Sun. Oct 17th, 2021

A study of every intensive care unit across Australia has found that there are now fewer manned beds than there were at the start of the pandemic.

A team of researchers counted 2,183 manned ICU beds, 195 fewer than 12 months ago, and that is a number that could limit capacity growth during severe COVID outbreaks.

“Last year we were worried about the beds and equipment, but in fact the equipment has definitely been sorted. We have enough fans now, ”said researcher dr. Ed Litton The New Daily.

“The very limiting step to our ability to increase our responsiveness is staff – critically trained nurses.”

Dr Litton, a clinical associate professor at the University of Western Australia, was one of the team of 13 researchers from across Australia.

Although various state governments have announced their growth capacity in recent outbreaks, the researchers found that there are only enough qualified staff to operate about half of the extra physical capacity at ICUs nationwide.

There are not enough staff to cover the 2627 extra overhead beds outside intensive care units.

“All other things being equal, starting from a lower baseline of ICU beds will make the reactions more challenging and potentially put more strain on the system,” said Dr. Litton.

The largest decrease in ICU capacity was seen in regional areas and in private hospitals.

Part of this has to do with the general upheaval of the pandemic.

Regional hospitals in particular have smaller pools of staff to draw on, so when nurses are sent to vaccine clinics or other staff receive COVID-19 and have to take time off, they are difficult to replace.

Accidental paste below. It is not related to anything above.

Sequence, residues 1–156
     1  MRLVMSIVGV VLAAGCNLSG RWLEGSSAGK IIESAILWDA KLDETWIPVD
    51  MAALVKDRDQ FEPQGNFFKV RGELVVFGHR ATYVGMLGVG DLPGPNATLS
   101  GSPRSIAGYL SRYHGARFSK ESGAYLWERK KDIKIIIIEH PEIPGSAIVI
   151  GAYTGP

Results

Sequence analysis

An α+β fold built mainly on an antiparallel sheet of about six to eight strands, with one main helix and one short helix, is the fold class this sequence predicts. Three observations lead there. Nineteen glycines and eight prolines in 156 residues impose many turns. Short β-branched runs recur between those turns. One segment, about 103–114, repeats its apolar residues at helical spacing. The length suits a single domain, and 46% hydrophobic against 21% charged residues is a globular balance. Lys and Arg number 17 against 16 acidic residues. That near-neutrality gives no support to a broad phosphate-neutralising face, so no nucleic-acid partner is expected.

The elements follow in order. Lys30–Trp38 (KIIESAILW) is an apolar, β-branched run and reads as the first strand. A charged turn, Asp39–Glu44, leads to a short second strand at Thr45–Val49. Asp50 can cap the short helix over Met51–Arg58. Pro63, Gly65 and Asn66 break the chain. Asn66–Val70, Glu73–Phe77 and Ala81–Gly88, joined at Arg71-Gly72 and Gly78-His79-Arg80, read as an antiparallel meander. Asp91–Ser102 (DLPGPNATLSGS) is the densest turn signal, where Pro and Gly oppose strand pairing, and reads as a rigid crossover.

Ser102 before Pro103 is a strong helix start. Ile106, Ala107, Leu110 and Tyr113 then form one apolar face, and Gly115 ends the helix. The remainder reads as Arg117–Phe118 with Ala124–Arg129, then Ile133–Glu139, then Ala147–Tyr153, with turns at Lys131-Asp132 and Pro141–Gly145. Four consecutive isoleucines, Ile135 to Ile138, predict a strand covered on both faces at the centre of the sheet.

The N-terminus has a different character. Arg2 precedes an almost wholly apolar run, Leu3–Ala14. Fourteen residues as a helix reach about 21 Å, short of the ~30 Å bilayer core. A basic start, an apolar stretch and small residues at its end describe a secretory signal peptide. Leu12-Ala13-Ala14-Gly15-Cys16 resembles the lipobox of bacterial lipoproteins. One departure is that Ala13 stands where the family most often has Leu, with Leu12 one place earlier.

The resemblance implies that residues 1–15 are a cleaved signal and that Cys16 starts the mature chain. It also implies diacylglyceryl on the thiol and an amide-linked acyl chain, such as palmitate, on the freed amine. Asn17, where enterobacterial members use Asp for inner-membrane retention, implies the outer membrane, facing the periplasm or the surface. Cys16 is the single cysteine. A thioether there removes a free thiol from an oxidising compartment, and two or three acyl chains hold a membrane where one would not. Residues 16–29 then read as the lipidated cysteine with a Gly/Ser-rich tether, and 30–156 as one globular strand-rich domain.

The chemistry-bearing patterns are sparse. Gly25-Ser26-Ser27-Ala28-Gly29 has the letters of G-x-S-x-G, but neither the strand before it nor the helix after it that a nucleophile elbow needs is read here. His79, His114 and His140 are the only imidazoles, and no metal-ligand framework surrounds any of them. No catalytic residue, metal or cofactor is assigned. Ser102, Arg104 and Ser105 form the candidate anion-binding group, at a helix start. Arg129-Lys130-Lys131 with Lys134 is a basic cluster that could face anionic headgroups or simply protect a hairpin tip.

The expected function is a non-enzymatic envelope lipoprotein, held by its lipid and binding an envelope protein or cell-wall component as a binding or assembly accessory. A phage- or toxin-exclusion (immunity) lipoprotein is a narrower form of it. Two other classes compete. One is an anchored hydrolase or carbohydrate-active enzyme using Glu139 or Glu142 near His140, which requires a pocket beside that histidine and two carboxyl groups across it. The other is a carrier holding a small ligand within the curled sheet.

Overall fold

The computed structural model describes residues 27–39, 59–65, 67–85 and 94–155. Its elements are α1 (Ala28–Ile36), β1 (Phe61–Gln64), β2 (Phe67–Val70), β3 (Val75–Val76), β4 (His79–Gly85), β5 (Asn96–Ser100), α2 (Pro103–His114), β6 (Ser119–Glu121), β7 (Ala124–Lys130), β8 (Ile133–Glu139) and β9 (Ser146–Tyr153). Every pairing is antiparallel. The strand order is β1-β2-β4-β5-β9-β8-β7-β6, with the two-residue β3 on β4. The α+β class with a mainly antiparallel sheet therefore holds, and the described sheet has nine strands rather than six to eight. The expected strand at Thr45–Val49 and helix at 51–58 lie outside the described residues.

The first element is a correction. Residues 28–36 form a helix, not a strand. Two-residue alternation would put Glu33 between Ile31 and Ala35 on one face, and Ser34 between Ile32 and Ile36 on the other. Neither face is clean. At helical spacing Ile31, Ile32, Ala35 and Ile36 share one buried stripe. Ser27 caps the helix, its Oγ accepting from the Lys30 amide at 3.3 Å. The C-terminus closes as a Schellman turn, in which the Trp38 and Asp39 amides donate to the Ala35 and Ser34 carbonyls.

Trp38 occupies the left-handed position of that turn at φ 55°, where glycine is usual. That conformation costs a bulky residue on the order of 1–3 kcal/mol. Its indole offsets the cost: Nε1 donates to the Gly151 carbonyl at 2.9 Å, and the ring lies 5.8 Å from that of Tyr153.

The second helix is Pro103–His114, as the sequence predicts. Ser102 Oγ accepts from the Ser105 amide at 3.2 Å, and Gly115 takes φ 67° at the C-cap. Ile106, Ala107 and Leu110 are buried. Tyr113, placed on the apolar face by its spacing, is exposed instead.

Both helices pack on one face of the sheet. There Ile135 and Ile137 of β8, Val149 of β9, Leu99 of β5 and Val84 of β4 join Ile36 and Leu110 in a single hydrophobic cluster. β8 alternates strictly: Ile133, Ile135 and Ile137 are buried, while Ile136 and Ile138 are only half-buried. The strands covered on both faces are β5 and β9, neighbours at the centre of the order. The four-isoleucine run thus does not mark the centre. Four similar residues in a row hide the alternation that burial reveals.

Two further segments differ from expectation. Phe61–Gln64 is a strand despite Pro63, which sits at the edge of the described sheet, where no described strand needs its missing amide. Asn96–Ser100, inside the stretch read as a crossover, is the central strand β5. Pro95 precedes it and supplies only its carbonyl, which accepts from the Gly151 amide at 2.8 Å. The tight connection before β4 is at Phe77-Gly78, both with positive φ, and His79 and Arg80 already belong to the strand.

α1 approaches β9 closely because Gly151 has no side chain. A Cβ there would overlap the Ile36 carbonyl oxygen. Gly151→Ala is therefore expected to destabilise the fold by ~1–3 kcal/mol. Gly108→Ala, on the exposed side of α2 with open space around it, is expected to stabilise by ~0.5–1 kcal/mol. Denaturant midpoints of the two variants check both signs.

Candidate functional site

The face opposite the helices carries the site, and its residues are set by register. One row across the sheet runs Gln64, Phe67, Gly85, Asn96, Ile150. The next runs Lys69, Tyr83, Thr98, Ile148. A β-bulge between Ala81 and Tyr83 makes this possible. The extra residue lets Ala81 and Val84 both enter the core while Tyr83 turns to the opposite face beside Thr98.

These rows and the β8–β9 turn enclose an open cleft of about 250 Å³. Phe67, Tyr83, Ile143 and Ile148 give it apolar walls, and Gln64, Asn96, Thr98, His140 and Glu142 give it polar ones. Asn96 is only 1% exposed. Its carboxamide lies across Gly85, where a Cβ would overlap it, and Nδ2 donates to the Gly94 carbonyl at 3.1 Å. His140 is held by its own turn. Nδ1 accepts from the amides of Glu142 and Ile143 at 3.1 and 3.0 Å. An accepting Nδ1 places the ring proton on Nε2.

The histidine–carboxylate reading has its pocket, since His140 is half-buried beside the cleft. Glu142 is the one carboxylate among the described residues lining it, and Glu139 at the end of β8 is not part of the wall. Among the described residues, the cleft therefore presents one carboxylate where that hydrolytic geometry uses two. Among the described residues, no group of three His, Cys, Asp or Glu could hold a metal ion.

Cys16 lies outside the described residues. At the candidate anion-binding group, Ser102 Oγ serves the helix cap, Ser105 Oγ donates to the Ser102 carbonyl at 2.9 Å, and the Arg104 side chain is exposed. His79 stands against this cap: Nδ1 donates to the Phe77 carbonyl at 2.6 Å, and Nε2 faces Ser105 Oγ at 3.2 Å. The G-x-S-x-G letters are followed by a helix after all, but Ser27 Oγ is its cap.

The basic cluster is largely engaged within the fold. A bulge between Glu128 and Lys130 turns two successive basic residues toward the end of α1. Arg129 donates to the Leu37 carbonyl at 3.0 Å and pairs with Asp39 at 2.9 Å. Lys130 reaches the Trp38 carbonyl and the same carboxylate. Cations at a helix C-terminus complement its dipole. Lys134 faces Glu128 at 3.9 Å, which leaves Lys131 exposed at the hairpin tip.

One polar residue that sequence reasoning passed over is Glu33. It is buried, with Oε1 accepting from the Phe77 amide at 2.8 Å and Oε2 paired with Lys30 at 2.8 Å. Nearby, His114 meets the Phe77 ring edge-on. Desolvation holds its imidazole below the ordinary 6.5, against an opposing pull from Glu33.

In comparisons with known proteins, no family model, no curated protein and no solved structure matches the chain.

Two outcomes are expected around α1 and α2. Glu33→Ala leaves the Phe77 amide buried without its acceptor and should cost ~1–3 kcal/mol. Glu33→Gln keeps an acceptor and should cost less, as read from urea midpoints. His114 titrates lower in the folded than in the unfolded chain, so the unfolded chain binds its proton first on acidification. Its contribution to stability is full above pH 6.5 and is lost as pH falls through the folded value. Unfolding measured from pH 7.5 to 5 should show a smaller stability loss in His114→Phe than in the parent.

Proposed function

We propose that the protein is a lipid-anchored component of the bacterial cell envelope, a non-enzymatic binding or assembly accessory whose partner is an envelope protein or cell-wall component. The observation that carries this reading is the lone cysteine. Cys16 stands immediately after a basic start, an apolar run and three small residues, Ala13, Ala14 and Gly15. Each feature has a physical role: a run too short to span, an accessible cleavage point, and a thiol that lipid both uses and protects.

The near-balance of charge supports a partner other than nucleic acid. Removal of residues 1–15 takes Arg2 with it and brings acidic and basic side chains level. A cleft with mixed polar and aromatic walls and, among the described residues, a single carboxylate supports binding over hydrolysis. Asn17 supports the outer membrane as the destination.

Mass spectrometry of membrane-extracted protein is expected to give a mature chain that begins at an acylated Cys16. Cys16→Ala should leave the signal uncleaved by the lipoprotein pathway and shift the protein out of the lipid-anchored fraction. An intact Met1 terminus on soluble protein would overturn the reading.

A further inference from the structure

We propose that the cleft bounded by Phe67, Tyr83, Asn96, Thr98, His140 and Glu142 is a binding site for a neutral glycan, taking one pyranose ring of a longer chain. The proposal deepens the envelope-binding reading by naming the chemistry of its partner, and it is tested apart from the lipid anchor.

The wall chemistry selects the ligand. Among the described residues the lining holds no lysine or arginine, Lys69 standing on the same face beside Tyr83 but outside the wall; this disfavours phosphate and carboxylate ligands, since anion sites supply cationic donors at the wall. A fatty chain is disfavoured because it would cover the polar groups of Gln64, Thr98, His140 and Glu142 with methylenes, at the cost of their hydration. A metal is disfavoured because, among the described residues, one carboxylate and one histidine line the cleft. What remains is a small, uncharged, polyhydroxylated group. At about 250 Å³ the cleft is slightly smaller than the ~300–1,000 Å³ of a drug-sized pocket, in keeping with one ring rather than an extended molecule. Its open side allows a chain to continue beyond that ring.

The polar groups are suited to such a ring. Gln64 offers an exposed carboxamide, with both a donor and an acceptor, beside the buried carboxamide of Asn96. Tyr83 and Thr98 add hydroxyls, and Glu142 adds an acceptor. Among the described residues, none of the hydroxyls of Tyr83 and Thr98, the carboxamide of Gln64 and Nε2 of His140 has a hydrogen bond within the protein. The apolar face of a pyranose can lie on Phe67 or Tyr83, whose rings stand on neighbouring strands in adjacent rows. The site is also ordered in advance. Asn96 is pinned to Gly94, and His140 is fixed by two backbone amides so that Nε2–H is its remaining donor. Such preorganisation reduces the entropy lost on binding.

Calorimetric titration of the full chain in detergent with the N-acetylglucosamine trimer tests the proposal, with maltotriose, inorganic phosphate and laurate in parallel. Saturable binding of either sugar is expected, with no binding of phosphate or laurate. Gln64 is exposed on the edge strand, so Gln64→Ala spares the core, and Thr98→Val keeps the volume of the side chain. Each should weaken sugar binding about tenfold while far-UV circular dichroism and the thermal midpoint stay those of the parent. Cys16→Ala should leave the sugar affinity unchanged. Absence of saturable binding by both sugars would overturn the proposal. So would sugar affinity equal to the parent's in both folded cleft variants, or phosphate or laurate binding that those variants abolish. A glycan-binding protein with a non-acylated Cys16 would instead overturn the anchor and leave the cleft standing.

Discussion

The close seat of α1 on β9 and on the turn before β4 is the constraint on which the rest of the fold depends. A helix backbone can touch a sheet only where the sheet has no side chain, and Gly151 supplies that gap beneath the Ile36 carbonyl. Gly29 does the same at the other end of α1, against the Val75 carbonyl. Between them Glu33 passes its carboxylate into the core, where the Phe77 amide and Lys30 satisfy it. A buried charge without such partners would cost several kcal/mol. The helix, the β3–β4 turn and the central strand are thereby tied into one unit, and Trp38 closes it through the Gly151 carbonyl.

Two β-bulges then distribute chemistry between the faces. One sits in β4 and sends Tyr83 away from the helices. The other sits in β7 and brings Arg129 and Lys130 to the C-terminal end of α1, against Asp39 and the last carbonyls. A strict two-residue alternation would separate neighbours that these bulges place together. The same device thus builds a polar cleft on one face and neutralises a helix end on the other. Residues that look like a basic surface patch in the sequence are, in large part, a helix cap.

Juggling beds

Despite the reduced number of manned ICU beds compared to last year, Australian hospitals have otherwise adapted to the demands of the pandemic.

States have routinely canceled elective surgery during major outbreaks, and it has freed up beds and staff that overlap with ICU wards.

“A really big part of the workload on intensive care takes care of patients after major elective surgery,” said Dr. Litton.

However, COVID patients on intensive care may continue to take up beds that would otherwise be necessary for other patients, such as survivors of car accidents.

“They are younger, they are staying longer in intensive care, and they need care that cannot be given elsewhere on the ward,” Nhi Nguyen, an intensive care specialist from Sydney’s Nepean Hospital, told reporters in August.

Dr. Nguyen also contributed to the research on ICU capacity.

Inside the intensive care unit at St Vincent’s Hospital in Sydney. Photo: AAP

The way forward

Throughout the pandemic, intensive care units have relied on nurses, doctors and other critical care staff working under unprecedented conditions.

“I am confident that they will continue to take up the challenge,” said Dr. Litton.

“So one of the things that worries me is sustainability – that people take up the challenge because they do not want to go away in a crisis.

“But this is a disease that has become endemic and really requires a whole change in the approach to the critical care workforce.”

Many ICU employees now experience burnout, anxiety or even traumatic stress.

Dr. Litton said health authorities need to ensure that this line of work remains an attractive career opportunity, as well as supporting ICU staff with the various strains of the pandemic.

“How do we ensure that there are sufficient resources to ensure that we are ready for future surges?” he asked.

“Other places around the world are on their fourth or fifth wave, and there will be more pandemics in the future.”

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